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The Structural Engineer

In this combined experimental and theoretical study the observed sequence of cracking in flat slabs is described and its effect on the distribution of moments examined. A modvied equivalent frame method for flat slabs which is simpler to use than the ACI approach has been developed. The moments predicted by the frame method are compared with other frame analyses and with the results of model tests. A.E. Long and D.J. Cleland

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The Structural Engineer

Mr J. M. Mawditt (M): The paper is to be commended for simplifying the design procedure associated with the use of the material stress -strain curves as required by clause 3.3.5.1. of CP 110.

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The Structural Engineer

Mr J. A. Waller (F) (Oscar Faber & Partners): I would like to congratulate the authors on a very interesting and thought-provoking paper. In many buildings today, considerable efforts are made to achieve the optimum or lowest cost solution within each professional discipline. Unfortunately, the process is not so often carried out when it involves crossing professional boundaries. The authors have clearly shown what can be achieved if the will is there to try.

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The Structural Engineer

Mr T. N. Akroyd (Vice-president): Dr. Lewsley has touched on a matter that has been exercising the minds of many engineers for some time, i.e. professional negligence. I hope, however, that we do not become too morbid over the subject. There is a world of difference between showing a lively interest and a morbid interest because the audience here tonight is composed mainly of ‘doers’ or performers. As doers, if you have a morbid interest in this subject you will stop ‘doing’ and that will be the end of your raison d’etre. There is a world of difference between ‘doers’ and ‘advisers’ because advisers like a situation that is ossified, so that the facts do not change; they can then venture an opinion, 3 months later, on what you should have done at the time, if you had had the benefit of their advice. So there is a problem for the entrepreneur, a problem for the structural engineer, and a problem for the contractor. You have to act now; that usually means you need a clear grasp of the principles involved if you are to act rationally. Christopher Lewsley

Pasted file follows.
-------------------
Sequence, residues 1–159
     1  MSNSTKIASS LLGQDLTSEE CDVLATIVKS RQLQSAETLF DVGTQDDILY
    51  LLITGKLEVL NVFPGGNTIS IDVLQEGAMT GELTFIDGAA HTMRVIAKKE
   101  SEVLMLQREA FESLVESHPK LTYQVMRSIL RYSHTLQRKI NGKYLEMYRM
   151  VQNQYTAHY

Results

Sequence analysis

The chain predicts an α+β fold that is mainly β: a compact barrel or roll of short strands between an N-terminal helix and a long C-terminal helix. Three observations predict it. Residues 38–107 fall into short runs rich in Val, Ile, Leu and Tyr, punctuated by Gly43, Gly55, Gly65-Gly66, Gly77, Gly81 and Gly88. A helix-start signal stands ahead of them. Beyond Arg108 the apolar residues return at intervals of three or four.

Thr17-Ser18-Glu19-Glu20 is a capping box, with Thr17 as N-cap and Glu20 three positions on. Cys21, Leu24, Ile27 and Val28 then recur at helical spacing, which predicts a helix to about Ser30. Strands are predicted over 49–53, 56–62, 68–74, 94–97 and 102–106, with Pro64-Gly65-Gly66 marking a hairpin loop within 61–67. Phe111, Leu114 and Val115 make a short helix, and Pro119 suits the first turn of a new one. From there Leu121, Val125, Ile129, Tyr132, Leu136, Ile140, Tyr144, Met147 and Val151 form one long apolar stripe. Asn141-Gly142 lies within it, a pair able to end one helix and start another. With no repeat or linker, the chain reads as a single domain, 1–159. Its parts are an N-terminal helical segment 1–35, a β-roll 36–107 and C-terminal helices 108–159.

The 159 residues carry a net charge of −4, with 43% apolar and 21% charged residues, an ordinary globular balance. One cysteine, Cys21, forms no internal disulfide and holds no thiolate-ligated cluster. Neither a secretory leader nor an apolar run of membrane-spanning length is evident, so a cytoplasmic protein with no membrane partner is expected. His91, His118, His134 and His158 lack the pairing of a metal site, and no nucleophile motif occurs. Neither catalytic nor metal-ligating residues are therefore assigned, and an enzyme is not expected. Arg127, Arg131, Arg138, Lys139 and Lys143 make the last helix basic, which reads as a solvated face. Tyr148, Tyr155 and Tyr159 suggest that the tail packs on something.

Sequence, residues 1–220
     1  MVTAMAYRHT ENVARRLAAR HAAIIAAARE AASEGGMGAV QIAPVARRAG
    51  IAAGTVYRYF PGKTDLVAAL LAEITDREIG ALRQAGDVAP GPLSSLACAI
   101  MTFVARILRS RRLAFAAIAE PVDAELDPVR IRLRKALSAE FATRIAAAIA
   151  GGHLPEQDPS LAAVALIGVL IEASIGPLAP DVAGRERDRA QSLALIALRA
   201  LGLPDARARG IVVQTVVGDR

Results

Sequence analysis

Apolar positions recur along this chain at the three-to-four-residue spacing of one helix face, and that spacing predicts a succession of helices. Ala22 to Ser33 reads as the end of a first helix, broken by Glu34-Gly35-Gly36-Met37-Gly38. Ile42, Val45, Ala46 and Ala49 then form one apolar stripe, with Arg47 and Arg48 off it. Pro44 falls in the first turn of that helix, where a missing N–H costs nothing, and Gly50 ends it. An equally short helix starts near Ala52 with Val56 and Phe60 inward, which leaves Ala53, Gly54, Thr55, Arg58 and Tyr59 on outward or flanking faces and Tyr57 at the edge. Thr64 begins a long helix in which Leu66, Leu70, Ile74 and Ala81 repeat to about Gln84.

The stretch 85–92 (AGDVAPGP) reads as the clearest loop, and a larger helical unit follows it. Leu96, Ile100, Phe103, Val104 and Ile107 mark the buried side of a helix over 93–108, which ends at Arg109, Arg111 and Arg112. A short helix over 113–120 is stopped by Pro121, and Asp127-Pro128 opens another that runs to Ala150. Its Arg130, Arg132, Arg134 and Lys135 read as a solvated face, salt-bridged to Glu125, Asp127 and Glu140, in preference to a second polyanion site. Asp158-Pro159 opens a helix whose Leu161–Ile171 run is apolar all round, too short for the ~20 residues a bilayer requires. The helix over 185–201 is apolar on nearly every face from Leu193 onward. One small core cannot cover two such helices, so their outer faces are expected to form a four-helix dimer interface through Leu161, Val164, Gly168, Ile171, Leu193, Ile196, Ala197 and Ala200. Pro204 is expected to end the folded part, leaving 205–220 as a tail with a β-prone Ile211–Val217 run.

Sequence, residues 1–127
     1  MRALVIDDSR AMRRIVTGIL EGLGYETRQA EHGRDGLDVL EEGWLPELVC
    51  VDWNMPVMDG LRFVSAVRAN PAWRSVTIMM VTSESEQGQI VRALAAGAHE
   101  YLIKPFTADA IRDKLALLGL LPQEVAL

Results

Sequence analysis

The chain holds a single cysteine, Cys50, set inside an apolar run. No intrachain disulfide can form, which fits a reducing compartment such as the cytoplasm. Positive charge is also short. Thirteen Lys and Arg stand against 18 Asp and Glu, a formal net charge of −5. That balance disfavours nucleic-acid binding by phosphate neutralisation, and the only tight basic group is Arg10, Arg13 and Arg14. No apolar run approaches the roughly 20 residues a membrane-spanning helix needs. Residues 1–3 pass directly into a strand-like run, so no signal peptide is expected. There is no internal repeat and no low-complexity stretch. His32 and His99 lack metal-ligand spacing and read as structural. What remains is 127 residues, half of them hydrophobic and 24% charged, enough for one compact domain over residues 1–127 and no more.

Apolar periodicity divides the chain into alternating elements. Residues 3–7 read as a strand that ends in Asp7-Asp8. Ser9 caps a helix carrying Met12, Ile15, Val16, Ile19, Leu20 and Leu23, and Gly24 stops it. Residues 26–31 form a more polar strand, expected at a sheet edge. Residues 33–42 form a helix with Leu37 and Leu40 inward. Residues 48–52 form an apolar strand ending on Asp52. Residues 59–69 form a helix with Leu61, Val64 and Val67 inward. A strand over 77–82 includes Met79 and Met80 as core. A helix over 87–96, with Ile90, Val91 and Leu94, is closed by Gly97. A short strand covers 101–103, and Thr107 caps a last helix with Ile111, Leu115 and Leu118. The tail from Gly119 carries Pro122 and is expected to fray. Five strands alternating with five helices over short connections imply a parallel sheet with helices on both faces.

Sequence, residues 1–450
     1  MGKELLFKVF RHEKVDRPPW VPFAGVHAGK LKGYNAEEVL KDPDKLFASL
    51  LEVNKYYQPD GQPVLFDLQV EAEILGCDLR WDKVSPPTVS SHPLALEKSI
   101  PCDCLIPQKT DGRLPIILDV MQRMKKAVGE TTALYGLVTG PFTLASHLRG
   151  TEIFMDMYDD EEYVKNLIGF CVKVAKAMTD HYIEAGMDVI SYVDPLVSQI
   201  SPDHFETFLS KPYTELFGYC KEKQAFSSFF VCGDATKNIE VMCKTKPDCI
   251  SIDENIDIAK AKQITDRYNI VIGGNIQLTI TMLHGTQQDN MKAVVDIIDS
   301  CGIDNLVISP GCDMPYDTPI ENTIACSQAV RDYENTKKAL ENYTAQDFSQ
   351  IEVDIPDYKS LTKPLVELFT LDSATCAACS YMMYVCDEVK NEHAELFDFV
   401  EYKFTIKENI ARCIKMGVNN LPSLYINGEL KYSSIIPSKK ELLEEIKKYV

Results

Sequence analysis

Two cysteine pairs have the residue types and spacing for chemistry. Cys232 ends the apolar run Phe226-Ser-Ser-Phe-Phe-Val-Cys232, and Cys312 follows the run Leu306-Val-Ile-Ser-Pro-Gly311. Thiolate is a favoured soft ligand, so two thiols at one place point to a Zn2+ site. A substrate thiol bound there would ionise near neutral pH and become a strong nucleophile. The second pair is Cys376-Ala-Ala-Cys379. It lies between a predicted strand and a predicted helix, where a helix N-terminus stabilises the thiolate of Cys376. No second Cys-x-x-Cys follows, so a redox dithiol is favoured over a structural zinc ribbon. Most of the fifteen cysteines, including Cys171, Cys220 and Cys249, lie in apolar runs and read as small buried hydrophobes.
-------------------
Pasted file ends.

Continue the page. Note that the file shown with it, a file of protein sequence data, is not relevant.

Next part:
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The Structural Engineer

President’s diary The President and Mrs Horne look forward to joining members of the Yorkshire Branch at their Annual Dinner and Dance on Friday 8 May 1981. Professor Horne will be taking the Chair at the Institution’s 1-day symposium in London on Tuesday 12 May, when the contents of the draft Code of Practice for low-rise housing will be reviewed.

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The Structural Engineer

The nature of engineering judgment and the manner in which it is exercised are considered in the context of structural engineering. J.S. Armitage

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The Structural Engineer

Padstones in blockwork Last month we had a query from Mr Cockerill regarding the stress that may be allowed under beams bearing onto blockwork. We have an answer to that query from Mr. B. A. Haseltine, thereby giving you the impression that we write this column only a few days before publication. (Actually, of course, we asked Mr. Haseltine for his opinion!) I would not want your column to become solely a means of getting rulings on the words used in Codes of Practice, but I thought I might comment on the query from Mr Cockerill in the April issue. Mr Cockerill fears that, as Codes become more complicated and lengthy, there will be problems unless everything is spelt out exactly; however, when one looks into his question, the words are quite clear! Verulam

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